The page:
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Vascular Tissue System

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Elli Westfall

on 4 January 2013

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Transcript of Vascular Tissue System

Vascular Tissue System
Elli Westfall
Hour 2 The Vascular Tissue System is a continuous system of tissues that conduct water, minerals, and food. It consists of two complex tissues; xylem and phloem. Xylem: bring water and mineral nutrients from the roots to the rest of the plant
Tracheids: long cells with tapered ends. First water-conducting cells to evolve in vascular plants. Found mainly in ferns, conifers, and most other nonflowering vascular plants.
Pits: Secondary cell wall of tracheids. Only primary wall is present. Allow water and minerals to flow from one tracheid to another. Most flowering plants and a few gymnosperms contain water conducting cells called Vessel Elements which transport water and minerals more rapidly than tracheids. Phloem: moves sugars and other organic nutrients from the leaves to the rest of the plant.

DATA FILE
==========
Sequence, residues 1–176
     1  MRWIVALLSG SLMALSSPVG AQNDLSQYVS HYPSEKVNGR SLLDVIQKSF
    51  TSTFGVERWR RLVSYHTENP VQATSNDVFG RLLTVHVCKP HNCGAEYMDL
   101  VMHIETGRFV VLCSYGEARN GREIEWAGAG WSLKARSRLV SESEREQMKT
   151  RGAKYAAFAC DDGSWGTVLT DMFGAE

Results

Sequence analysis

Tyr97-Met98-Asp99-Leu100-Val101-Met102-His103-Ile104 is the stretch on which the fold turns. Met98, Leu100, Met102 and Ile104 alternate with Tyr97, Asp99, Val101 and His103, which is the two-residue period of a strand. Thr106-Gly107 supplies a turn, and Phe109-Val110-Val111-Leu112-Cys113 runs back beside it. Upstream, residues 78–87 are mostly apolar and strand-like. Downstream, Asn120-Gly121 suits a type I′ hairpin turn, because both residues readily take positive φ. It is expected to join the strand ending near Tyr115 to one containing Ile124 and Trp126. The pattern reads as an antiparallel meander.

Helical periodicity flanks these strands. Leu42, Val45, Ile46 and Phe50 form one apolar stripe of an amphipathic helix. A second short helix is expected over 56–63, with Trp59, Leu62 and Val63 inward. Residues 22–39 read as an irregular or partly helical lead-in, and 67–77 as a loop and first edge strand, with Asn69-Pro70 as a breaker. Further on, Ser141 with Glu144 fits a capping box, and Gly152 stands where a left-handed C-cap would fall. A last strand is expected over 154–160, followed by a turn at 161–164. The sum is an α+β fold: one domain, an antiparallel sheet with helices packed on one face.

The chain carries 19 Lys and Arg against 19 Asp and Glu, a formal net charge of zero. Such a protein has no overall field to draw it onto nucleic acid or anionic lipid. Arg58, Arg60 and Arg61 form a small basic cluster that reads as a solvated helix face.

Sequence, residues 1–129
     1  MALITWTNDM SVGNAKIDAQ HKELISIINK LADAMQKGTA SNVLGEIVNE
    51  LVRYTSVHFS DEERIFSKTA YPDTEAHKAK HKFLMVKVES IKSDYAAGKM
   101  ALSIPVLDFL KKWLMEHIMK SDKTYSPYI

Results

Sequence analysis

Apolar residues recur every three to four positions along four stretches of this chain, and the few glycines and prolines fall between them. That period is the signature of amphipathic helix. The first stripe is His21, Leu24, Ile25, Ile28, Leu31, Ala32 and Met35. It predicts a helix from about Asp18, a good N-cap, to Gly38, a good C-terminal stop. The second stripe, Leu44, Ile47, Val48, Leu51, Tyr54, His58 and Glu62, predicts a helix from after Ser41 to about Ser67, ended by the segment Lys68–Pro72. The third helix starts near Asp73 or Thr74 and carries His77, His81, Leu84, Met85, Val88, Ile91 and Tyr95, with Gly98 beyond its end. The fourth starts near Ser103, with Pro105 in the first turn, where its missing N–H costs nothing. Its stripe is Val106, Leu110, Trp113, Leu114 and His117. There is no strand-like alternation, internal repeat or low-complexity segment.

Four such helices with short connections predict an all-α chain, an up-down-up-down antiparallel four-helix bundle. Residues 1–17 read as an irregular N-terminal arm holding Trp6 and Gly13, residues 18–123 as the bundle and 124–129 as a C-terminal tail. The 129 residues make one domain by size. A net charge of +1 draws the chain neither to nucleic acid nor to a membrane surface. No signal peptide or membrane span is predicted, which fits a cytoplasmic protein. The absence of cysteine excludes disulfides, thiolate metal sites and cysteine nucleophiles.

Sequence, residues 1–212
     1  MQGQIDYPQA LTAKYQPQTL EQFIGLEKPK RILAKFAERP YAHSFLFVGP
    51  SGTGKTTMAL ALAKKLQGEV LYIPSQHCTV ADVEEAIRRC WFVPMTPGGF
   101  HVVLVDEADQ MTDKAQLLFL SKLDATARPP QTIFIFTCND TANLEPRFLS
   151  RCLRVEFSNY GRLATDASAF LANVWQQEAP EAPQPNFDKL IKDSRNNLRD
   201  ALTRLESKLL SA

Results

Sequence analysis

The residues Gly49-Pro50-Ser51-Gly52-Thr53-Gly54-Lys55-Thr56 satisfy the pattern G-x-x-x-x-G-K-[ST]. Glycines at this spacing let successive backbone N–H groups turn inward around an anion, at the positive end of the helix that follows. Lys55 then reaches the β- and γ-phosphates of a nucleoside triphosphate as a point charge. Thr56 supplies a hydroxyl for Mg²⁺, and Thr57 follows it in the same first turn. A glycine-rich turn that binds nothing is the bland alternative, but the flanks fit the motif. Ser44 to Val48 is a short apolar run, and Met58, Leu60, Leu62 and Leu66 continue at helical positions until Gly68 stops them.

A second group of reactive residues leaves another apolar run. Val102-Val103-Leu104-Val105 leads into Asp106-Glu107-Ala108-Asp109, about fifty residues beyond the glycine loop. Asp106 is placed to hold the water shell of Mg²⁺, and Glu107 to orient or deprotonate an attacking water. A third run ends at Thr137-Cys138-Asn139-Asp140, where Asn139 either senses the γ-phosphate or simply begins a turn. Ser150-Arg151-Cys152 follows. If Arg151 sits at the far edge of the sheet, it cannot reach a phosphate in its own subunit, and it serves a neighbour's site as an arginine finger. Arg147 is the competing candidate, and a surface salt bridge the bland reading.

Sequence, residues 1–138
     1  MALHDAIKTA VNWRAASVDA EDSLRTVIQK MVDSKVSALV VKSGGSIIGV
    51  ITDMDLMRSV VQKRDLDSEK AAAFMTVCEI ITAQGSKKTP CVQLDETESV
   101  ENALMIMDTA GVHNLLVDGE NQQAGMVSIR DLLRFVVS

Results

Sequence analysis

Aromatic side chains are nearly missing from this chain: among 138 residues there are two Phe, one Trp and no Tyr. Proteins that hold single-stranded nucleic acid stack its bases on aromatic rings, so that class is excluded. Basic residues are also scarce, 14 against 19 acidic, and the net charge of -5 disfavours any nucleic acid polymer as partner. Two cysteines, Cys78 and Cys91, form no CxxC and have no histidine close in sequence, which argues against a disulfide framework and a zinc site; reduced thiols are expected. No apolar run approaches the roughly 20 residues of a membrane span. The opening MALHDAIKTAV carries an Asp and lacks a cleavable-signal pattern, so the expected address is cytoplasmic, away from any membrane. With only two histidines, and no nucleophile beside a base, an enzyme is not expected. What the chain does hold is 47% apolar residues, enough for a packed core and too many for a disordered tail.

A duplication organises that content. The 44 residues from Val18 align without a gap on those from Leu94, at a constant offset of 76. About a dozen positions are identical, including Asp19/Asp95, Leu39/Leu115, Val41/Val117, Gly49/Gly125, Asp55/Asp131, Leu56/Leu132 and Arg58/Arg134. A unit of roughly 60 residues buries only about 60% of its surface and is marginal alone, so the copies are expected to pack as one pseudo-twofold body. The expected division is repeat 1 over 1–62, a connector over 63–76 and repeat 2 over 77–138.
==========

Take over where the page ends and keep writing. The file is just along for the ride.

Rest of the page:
Sieve tube members: remain alive and active at maturity unlike tracheids and vessel elements.
Sieve plate: cell walls with membrane-lined pores that allow materials to pass form cell to cell without crossing the plasma membranes and cell walls.
Companion cell: has a nucleus and can therefore supply proteins for the sieve-tube member. Sieve cell: more primitive type of water-conducting cell. Function much like sieve-tube members, by lack sieve plates and overlap rather than forming continuous tubes.
Albuminous cell: a cell that helps the sieve cell function by providing proteins for it. Bibliography

Slides 1-6, Introduction to Botany by Murray W. Nabors
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